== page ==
05-31-2019 | NDBA
While North Dakota’s 66th Legislative Assembly adjourned Sine Die (without setting a day for reconvening) April 26, 2019 - its 76th Legislative Day - about a month ago, work is already starting to get ready for the 67th Legislative Assembly, which will convene at noon on Tuesday, January 5, 2021. Mark your calendars. That’s just 491 days from now.
The Legislature has 80 legislative days to complete its work, so it managed to keep four legislative days in the bank that it can use at any time during the 2019-2021 interim to call itself back into session.
For those of you really into statistics - and aren’t we all - there were 984 bills and resolutions introduced this session, as compared to 833 in 2017. The odds of getting a bill passed in the Senate were better than the House. 361 of the 605 bills introduced in the House passed, or about 59.6%. In the Senate, 268 of the 379 bills and resolutions passed, or about 70.71%. Of the 984 bills introduced, 629 - or about 63.9% - passed. This is a bit higher than 2017 when about 57% of the bills passed.
The budget for the current 2017-2019 Biennium which ends June 30, 2019, was $4.3 billion in general fund appropriations and $13.6 billion in total spending. The 66th Legislative Assembly’s final 2019-2021 general fund (taxpayer funds) budget was approximately $4.8 billion, part of a nearly $14.7 billion total spending figure.
There are four possible effective dates for any legislation the Governor signs: (1) Bills with the emergency clause go into effect the date they are signed by the Governor and filed with the Secretary of State; (2) Revenue bills take effect July 1; (3) General legislation takes effect August 1; and (4) Any bills with specified effective dates take effect on those dates.
There are two excellent web sites to check on legislation. The Legislative Branch’s web page (www.legis.nd.gov) is all you ever want in legislative information and more. It not only includes a complete listing of all bills and resolutions, it also has video of floor arguments on each bill as well as a wealth of other information and statistics. In its bill listing you can trace a bill from its introduction through amendments (called marked up versions) and it’s final, or enrolled status. To see the final version of the bill, click on the “enrolled” bill. You can check the legislative history of the bill by checking on “bill status.” The Secretary of State’s web page (www.state.nd.us/sec) lists all the bills the Governor signed. This also lists the date the Governor signed them, which is important for emergency measures.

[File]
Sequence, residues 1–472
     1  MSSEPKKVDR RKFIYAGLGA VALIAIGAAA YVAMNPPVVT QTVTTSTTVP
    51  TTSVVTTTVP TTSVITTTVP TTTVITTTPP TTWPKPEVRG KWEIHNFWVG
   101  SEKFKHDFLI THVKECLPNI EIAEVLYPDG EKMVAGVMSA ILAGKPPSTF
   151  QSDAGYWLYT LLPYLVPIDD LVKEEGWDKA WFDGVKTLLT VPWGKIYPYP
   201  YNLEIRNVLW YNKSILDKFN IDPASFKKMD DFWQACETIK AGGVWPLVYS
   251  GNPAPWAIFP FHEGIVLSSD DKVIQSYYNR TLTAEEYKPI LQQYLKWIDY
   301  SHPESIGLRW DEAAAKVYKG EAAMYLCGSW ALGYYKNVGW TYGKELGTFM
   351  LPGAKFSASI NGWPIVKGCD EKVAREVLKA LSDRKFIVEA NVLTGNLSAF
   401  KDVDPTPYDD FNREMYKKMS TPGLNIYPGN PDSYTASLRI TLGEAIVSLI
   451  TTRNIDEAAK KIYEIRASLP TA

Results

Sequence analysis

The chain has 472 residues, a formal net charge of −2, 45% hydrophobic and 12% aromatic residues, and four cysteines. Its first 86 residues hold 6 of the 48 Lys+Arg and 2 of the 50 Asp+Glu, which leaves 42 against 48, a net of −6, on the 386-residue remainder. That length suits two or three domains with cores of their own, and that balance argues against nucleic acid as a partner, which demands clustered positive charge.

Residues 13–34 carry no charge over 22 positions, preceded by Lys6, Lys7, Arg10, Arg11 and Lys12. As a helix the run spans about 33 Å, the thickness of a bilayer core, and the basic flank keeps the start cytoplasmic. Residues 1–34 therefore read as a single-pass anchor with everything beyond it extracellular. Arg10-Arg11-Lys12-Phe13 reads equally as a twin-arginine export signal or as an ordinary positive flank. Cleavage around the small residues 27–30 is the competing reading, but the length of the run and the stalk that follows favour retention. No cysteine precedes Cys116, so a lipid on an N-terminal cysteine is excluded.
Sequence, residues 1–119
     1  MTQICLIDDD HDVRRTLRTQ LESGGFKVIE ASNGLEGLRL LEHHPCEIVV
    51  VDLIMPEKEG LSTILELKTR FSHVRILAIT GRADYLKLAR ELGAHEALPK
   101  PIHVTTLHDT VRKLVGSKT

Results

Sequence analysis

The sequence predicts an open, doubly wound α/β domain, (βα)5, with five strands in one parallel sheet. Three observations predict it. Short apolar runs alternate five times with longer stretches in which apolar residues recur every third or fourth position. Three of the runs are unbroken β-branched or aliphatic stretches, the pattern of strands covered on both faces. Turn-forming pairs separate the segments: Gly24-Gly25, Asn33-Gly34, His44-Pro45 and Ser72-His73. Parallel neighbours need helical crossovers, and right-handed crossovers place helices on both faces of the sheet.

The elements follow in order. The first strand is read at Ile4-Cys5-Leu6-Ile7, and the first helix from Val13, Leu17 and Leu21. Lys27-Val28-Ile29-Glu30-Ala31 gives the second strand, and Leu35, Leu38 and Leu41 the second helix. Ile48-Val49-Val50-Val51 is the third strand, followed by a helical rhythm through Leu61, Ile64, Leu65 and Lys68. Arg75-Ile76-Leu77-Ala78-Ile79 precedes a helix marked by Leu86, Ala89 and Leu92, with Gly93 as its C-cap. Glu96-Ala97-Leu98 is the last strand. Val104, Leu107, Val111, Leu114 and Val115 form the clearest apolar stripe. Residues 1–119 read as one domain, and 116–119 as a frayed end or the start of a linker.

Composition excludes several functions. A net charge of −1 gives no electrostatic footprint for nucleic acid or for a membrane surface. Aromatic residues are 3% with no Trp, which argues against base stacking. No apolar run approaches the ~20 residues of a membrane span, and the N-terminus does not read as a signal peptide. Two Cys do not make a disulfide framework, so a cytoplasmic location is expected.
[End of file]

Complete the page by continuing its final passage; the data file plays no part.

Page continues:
A copy of the final Master List for the bills I was following for the media this session is attached. The third column shows the final outcome for the bills.
It was a mixed bag for media bills this session - and no game changers.
Regarding open records, the 66th Legislative Assembly wasn’t a big fan. It passed HB 1132 closing records of interviews for law enforcement positions and HB 1332 that allows schools boards - in secret - to designate school employees to carry firearms. And, it defeated HB 1363 that would have required release of certain information regarding the costs of security and travel for the Governor and other state officials.
It also passed SB 2021 that expanded the confidentiality of legislative communications to any public agency, but that bill may be referred to a public vote.
We were able to get criminal libel penalties out of the HB 1521 that creates the Ethics Commission, but much of the new commission’s proceedings remain confidential. And, SB 2320, that does allow controversial free speech on college campuses, unfortunately also permits certain restrictions on when and where controversial speech is allowed.
I considered it a privilege to represent NDBA during the 2019 Session. Please contact me if you have any questions concerning 2019 legislation or the upcoming interim.